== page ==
- Published: 02 January 2020
At the end of the year, an international training on gender based harassment on the workplace was held in Innsbruck (Austria). It is part of the project "BE AWARE", which will create opportunities for sexual harassment in the workplace to be identified and sanctioned. And to help his victims. The project will also help employers who annually lose their employees who leave "for unexplained reasons". Very often, these invisible causes are related with harassment between colleagues or other attacks, in most cases gender based, which most often cause victims to leave the toxic work environment. And very often, they also need extra help to overcome the mental and emotional traumas resulting from prolonged harassment on the workplace.
Surveys show that some of the employers in Bulgaria do not have any internal rules regarding harassment, insulting or sexual abuse between colleagues. This leads to the concealment and neglecting of such cases. The BE AWARE project will create tools to assist victims of sexual harassment on the workplace and encourage employers to create a more supportive and secure environment for their employees. Something that will increase their ability to work.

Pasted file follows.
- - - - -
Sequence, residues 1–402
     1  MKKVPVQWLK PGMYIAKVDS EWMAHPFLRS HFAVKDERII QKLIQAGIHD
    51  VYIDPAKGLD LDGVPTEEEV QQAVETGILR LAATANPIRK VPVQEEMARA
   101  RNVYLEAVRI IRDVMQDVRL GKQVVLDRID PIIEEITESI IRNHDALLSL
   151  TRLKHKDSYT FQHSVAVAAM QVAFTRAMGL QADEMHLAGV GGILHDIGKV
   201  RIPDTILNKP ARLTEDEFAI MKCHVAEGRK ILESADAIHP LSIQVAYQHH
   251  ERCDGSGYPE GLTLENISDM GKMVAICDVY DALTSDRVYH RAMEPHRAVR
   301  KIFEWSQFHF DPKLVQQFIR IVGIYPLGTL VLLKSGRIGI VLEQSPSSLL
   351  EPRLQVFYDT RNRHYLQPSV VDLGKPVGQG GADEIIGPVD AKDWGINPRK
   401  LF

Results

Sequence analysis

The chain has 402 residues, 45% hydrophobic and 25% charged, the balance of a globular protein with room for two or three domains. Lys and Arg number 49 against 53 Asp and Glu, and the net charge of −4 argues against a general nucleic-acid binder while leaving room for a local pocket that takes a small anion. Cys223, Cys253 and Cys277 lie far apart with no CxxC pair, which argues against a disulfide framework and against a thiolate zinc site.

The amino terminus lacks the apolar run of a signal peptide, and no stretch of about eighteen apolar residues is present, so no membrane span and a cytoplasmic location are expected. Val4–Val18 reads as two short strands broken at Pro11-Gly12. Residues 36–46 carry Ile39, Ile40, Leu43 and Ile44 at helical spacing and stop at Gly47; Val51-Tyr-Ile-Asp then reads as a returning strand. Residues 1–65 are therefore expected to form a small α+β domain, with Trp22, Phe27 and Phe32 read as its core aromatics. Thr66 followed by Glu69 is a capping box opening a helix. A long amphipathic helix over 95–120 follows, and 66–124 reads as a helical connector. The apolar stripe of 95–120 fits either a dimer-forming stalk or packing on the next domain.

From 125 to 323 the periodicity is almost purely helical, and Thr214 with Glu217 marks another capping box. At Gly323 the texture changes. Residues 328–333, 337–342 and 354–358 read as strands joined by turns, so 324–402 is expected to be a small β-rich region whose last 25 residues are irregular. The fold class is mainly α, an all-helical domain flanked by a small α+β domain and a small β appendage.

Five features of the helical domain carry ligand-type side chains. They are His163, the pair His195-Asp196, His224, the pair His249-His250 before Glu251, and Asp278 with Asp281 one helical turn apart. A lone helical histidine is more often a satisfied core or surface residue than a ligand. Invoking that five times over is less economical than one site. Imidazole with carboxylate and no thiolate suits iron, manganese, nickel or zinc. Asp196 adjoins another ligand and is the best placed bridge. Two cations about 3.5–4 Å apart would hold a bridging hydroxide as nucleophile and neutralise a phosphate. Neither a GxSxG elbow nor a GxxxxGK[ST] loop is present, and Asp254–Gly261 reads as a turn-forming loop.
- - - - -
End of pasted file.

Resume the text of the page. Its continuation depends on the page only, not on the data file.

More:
International training in Innsbruck, with representatives from five countries, demonstrates the enormous impact that sexual harassment on the workplace can have on the employees' psyche and on the whole work atmosphere in an institution or company. At the same time, gender-based harassment in the workplace is differently perceived by local culture and legislation, but in any case it is a "phenomenon" known in all countries, regardless of the country's dominant religion or political model.
The representatives of Bulgaria from the Gender Alternatives Foundation were surprised to learn that there is a special state institution in Turkey, in which there are several hundred employees working on national level, dealing only with cases of sexual harassment at the workplace. Turkey was the only country on this international training that have a national emergency telephone number for registering cases of sexual harassment. In Spain, on the other hand, the strict rules laid down in the Spanish Labor Code have long laid down a legal ban on sexual harassment. There is a long-standing court practice in the country dealing with cases of sexual harassment on the workplace. For comparison, in Bulgaria the topic of sexual harassment at work is not mentioned in legislative texts and the percentage of companies which have and internal rules on harassment at workplace is very small.
The project continues and the models of international training will be included in the forthcoming thematic trainings in Bulgaria.
This project has been funded with support from the European Commission. This communication reflects the views only
of the author, and the Commission cannot be held responsible for any use, which may be made of the information contained therein.